Click here for more information on the Niagara Peninsula SPC
Terms of Reference (TOR)
The first major task for the SPC was to prepare a TOR which describes the tasks to be completed, including parties responsible for conducting the work, and estimates for time and budgets. The Terms of Reference involved a significant public consultation process and was approved by the MOE in the spring of 2009.
Click here for more information on the development of the TOR
Assessment Report (AR)
Stage Two of the Source Protection Planning process involves the preparation of the Assessment Report (AR). The AR looks at the watershed in its entirety and seeks to understand surface and ground water characteristics and which vulnerable areas need protection. AR content is based on three main documents;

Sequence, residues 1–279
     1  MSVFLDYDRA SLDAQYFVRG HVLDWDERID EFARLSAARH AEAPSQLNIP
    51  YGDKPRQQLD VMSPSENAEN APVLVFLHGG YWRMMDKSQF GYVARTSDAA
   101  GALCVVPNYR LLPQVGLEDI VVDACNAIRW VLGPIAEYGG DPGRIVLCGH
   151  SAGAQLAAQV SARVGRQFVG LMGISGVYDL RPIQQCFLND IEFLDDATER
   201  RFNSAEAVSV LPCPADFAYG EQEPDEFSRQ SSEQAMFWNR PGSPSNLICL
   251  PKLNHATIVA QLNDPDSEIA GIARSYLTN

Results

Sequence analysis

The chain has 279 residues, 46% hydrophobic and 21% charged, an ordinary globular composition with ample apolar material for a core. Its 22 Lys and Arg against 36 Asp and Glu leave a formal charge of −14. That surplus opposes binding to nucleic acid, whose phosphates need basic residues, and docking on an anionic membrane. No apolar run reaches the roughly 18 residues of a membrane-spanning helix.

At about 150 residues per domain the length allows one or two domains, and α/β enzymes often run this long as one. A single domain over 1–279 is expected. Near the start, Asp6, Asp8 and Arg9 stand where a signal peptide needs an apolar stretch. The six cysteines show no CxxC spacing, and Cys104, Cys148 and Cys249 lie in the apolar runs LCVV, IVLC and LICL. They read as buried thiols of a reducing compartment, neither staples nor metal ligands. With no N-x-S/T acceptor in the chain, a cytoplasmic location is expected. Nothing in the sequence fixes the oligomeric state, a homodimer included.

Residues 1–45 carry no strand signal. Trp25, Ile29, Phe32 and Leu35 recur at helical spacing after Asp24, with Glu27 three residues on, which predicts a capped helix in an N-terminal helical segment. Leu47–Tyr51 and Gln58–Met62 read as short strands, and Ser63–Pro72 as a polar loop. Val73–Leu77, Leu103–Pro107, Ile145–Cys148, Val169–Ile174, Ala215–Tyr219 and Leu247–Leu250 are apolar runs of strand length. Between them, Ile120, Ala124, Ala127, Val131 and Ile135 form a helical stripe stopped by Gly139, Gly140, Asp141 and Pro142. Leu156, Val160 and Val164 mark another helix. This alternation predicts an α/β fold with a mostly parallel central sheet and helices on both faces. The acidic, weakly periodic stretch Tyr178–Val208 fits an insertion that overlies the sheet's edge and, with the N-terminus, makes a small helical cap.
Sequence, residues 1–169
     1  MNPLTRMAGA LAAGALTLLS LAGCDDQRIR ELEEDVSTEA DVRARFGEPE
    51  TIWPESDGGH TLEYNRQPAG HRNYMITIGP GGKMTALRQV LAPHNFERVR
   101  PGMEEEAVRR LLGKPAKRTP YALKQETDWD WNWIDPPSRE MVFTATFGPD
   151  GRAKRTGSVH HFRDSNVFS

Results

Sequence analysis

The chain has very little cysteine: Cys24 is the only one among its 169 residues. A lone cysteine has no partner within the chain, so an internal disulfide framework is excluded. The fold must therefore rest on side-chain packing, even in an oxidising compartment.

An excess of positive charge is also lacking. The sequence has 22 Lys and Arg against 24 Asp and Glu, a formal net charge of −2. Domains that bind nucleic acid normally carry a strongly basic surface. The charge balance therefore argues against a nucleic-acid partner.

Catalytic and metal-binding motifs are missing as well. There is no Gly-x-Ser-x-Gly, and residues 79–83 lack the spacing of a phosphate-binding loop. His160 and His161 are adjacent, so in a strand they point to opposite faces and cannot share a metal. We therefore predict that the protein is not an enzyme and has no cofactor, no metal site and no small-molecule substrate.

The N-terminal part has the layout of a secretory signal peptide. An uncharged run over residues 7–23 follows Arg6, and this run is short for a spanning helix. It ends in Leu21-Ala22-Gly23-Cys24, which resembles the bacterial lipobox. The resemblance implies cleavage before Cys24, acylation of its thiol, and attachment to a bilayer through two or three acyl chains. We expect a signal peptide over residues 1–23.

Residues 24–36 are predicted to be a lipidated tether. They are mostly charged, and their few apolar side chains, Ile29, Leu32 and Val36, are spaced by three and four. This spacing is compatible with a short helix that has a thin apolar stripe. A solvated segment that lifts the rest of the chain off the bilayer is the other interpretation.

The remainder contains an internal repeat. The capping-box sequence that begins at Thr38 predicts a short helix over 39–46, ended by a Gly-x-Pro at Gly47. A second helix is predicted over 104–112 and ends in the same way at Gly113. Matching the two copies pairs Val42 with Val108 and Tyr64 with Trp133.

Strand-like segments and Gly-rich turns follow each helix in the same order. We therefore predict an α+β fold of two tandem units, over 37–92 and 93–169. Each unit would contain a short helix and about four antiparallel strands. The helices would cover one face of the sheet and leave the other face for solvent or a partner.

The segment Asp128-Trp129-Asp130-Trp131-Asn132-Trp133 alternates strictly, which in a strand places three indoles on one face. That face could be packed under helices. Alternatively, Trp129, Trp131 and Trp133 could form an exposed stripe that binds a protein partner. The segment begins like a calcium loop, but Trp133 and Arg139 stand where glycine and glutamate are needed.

- Clean Water Act, 2006 (CWA),
- Ontario Regulation 287/07 (General Regulation), and the
- Technical Rules: AR Clean Water Act (November 16, 2009).
The primary goal of the AR is to provide the necessary information to develop the source protection plan and make local policy decisions for the management and protection of our drinking water sources. Several technical studies have been completed by the NPCA and Regional Municipality of Niagara for the source protection program. The AR includes the results of these studies. The main study areas were:
- Watershed Characterization Report
- Water Budget and Water Quantity Stress Assessment
- Groundwater Vulnerability
- Surface Water Vulnerability